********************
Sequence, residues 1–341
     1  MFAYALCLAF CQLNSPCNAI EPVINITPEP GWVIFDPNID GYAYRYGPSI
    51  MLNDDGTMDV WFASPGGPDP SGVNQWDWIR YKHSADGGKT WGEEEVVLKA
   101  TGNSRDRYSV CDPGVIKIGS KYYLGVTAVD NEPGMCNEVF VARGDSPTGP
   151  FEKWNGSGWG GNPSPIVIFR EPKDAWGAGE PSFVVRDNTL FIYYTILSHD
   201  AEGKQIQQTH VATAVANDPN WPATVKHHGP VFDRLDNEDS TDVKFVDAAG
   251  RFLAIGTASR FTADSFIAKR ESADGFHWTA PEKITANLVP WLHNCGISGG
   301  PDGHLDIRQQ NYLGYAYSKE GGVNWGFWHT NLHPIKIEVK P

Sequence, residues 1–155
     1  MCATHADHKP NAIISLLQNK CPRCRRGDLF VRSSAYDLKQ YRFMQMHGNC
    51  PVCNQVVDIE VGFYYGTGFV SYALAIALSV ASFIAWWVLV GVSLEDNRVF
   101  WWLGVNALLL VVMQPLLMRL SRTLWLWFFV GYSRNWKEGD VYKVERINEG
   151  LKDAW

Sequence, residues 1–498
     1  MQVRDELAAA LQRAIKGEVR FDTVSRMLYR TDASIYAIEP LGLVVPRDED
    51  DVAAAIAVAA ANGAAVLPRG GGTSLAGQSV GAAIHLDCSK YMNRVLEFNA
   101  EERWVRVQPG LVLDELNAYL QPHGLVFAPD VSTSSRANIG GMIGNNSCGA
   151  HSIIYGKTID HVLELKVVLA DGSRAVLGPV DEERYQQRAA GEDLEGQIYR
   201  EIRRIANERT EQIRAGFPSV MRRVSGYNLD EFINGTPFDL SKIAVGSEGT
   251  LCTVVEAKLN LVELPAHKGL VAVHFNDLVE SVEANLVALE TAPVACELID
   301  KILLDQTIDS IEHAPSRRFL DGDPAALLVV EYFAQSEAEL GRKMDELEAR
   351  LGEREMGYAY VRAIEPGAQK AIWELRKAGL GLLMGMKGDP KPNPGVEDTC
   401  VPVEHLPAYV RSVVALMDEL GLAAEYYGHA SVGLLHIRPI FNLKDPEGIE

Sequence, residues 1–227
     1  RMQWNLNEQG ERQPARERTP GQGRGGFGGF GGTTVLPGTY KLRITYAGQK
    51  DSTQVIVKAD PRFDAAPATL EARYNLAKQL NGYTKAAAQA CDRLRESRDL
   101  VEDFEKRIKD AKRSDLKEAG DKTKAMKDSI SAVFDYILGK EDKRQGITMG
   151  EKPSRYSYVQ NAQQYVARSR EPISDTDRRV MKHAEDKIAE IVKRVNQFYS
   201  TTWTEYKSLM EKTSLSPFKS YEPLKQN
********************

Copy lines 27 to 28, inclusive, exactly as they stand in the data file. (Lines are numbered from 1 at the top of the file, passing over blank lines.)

   101  VEDFEKRIKD AKRSDLKEAG DKTKAMKDSI SAVFDYILGK EDKRQGITMG
   151  EKPSRYSYVQ NAQQYVARSR EPISDTDRRV MKHAEDKIAE IVKRVNQFYS